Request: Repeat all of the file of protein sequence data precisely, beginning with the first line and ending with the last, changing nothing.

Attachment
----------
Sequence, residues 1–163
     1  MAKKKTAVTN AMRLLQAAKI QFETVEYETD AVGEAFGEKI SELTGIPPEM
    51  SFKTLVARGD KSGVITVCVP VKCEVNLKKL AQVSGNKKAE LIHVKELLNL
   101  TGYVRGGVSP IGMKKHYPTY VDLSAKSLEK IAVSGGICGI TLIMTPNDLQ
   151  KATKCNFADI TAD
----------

Sequence, residues 1–163
     1  MAKKKTAVTN AMRLLQAAKI QFETVEYETD AVGEAFGEKI SELTGIPPEM
    51  SFKTLVARGD KSGVITVCVP VKCEVNLKKL AQVSGNKKAE LIHVKELLNL
   101  TGYVRGGVSP IGMKKHYPTY VDLSAKSLEK IAVSGGICGI TLIMTPNDLQ
   151  KATKCNFADI TAD